My friend and I are just browsing the bakery section of the grocery store one day — as people tend to do when they are searching for dinner items but get distracted by their sweet-teeth — when we hear someone approach us from behind. We turn around to see a lady, one who works at the bakery, staring at me and smiling. When I give her a confused smile back, she opens her mouth to say something, and I brace myself for the inevitable. “What’d you do to your leg?” she questions, pointing to the purple AFO on my left foot. I shift in my seat awkwardly, not particularly interested in explaining the story behind my disability to this stranger at the present moment. Right now, all I want to do is continue shopping, like everyone else in this grocery store. “It’s a long story,” I politely tell her, already turning to leave the area. Maybe we can head to the candy aisle instead… “Is it a funny story?” I turn right back around and stare at the lady, blind-sided by this follow-up question. Her cheery expression seems to falter for a millisecond, as if she’s rethinking the words that just came out of her mouth. But still, she looks at me expectantly, waiting for my response. Not unless you happen to find transverse myelitis funny. Though, we all have different senses of humor, I suppose… “Um… N-no, not really…” I finally stutter. Somehow, this still doesn’t satisfy her curiosity. “Well then, what happened?” I want to tell the lady that it’s none of her business. I want to ask her why she feels so entitled to know my full story — a story which is very personal, an experience that was emotionally traumatic and life-altering — when she likely won’t ever see me again. I want to ask her extensive questions about her medical history as well, to show her how invasive it feels. But I don’t. I don’t do any of that. I just briefly explain transverse myelitis, that it damaged my spinal cord. I tell her the AFO’s purpose is to correct my foot drop. Luckily, this answer finally seems to satisfy her, and at that, my friend and I promptly leave the bakery section of the store. But, as we’re walking / rolling away, my friend turns to me and, not quieting her voice in the slightest, exclaims, “That was absolutely none of her business. I can’t believe how rude she was being.” I smile at that. Seeing as she has transverse myelitis and is disabled as well, I know she gets it. On the bright side, at least I have friends who are also able to recognize the ignorance of too many able-bodied people. And also, she’s so, so right. It wasn’t any of the lady’s business, and I had every right to tell her off. I shouldn’t have to bypass my own comfort to appease a complete stranger. But this is a problem disabled people face daily. We are asked invasive questions every time we go out, while most people probably wouldn’t even begin to consider asking able-bodied strangers things like that, or even approaching them in the first place. Don’t get me wrong — I love raising awareness for my disorder, and any of my friends could tell you  I’m pretty open about those things. I actually encourage friends, family members, classmates, people I’m getting to know, etc. to ask questions about my disability and chronic illnesses. I want them to understand, and I’d prefer that new friends just ask rather than let it be the “elephant in the room” for too long, because that just gets awkward for everyone involved. However, there is a time and place for those conversations. When we’re already talking to each other, getting to know each other in the appropriate setting? Sure, that’s a great time to bring it up, and I don’t mind at all if you do so. But when I’m just minding my own business, trying to shop like everyone else in the store or waiting for my drink like everyone else in line at Starbucks… In those cases, it is, quite frankly, absolutely none of your business. What is it about the sight of a wheelchair or crutches or leg braces or hand splints that makes it suddenly OK to approach a random stranger and pry into their personal life? Say you’re at the beach and notice as you pass by a random girl that she has a scar near her abdomen. Would you go up to her and ask if it came from an appendectomy? Chances are, probably not. If you got to know her, you might find out about the scar’s origin eventually, but it’d be rude to go up to her as a stranger and ask like that. So why is it any different when it comes to us? Follow this journey on Jen’s Journals. We want to hear your story. Become a Mighty contributor here . Thinkstock photo by Ksuklein.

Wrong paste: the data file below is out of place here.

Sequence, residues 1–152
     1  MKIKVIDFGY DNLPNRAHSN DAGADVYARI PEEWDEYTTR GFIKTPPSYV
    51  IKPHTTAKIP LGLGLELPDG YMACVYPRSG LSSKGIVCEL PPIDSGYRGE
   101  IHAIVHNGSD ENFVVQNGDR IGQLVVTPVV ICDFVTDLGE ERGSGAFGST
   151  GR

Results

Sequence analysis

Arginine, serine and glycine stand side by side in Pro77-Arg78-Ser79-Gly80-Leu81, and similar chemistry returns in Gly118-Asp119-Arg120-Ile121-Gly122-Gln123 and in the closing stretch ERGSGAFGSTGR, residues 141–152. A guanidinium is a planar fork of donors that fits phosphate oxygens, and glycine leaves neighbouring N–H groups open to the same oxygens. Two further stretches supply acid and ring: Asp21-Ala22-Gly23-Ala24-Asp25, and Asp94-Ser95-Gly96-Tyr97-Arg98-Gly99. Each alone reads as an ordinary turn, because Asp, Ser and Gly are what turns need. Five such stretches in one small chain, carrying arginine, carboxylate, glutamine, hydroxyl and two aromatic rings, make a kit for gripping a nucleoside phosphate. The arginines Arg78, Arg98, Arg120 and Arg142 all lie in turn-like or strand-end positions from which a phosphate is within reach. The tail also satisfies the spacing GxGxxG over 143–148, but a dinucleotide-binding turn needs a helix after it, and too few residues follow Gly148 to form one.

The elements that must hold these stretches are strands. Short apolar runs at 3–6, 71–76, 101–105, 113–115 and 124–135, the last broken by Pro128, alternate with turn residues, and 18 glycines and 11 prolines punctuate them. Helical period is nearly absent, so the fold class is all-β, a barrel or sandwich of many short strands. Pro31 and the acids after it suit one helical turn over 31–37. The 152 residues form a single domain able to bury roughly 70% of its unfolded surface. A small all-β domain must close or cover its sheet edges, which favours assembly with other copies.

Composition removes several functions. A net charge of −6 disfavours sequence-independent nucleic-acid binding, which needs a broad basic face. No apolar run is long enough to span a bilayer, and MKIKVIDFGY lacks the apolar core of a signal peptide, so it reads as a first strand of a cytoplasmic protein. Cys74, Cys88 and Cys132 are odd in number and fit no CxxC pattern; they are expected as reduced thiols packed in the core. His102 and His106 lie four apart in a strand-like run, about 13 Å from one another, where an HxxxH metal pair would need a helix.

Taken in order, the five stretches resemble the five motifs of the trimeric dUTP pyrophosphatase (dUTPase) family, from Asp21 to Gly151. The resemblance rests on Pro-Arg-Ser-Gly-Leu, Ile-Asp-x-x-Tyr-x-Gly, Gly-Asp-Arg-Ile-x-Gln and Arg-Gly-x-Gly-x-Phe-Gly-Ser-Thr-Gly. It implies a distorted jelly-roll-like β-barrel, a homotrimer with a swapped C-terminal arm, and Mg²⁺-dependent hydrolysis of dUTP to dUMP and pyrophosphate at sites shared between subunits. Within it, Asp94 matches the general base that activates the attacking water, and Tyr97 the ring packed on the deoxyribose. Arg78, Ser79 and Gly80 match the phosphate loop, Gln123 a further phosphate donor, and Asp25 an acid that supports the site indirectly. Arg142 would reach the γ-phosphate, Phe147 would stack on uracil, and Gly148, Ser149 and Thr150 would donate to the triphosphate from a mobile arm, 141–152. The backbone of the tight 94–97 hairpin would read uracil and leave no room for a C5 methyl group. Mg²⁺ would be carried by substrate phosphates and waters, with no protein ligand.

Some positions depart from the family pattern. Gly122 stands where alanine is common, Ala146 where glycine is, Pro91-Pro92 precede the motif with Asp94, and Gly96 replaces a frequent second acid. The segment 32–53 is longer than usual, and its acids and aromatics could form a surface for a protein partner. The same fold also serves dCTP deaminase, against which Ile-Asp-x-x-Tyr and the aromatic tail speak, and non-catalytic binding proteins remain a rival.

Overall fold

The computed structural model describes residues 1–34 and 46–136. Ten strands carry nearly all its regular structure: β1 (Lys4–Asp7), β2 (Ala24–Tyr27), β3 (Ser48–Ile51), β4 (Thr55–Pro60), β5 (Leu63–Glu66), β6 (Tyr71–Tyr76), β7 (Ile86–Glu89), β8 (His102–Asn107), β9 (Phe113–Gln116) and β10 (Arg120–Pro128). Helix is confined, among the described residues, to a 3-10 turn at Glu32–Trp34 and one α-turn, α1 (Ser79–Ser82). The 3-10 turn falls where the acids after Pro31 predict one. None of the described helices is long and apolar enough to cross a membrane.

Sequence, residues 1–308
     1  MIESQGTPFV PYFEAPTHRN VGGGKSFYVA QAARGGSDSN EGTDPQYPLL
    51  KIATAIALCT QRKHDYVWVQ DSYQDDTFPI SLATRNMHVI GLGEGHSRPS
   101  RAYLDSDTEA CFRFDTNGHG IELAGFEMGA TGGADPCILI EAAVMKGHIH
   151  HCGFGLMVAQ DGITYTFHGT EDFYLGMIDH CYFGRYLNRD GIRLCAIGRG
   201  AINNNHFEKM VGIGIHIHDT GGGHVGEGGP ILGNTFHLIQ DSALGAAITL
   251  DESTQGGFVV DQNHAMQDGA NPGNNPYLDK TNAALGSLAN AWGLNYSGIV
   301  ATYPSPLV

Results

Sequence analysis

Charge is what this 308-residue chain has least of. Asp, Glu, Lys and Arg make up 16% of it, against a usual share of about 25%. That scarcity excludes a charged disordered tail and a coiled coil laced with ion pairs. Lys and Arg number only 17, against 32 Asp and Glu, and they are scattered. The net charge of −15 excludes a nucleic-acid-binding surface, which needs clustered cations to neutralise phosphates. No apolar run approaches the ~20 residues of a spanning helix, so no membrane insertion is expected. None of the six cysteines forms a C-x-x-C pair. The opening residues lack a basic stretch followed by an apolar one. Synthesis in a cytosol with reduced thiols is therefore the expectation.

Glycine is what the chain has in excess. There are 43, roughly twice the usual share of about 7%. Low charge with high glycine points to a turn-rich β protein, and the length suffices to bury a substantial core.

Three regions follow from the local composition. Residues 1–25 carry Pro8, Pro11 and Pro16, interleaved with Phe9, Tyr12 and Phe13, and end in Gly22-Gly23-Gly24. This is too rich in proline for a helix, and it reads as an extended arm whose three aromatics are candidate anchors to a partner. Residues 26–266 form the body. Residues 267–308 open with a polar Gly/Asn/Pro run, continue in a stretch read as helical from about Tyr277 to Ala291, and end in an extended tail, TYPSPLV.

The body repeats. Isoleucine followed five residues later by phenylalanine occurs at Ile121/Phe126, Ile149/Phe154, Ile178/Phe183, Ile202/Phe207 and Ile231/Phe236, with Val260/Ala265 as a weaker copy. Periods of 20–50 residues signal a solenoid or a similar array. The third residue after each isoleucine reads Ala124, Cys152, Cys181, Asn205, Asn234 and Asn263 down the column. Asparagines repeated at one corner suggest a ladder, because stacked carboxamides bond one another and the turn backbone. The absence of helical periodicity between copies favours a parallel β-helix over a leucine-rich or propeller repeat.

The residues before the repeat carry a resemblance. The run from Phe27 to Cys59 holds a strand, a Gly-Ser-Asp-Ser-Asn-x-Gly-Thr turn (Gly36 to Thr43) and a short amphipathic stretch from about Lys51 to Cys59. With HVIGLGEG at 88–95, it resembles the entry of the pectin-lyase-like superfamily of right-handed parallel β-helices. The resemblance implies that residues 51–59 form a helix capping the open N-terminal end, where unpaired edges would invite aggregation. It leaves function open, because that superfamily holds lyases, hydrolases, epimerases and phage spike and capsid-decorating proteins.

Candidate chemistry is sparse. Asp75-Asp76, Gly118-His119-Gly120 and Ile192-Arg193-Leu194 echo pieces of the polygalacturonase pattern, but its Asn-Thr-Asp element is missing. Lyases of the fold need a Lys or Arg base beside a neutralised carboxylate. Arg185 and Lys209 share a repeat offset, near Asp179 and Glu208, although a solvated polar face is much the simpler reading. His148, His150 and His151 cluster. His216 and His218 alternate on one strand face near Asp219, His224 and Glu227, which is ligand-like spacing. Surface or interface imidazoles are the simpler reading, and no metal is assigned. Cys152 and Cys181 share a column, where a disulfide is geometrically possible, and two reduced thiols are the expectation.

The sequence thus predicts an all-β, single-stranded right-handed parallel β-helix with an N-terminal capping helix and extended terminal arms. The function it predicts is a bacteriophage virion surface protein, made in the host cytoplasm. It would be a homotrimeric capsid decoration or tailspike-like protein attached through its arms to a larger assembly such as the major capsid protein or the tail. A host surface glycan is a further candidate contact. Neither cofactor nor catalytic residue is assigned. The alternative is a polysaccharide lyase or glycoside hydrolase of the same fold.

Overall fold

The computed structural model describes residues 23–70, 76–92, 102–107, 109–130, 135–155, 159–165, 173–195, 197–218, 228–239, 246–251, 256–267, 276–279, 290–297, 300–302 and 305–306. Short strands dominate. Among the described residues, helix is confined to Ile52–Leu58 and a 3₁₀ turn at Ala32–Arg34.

Jen Starzec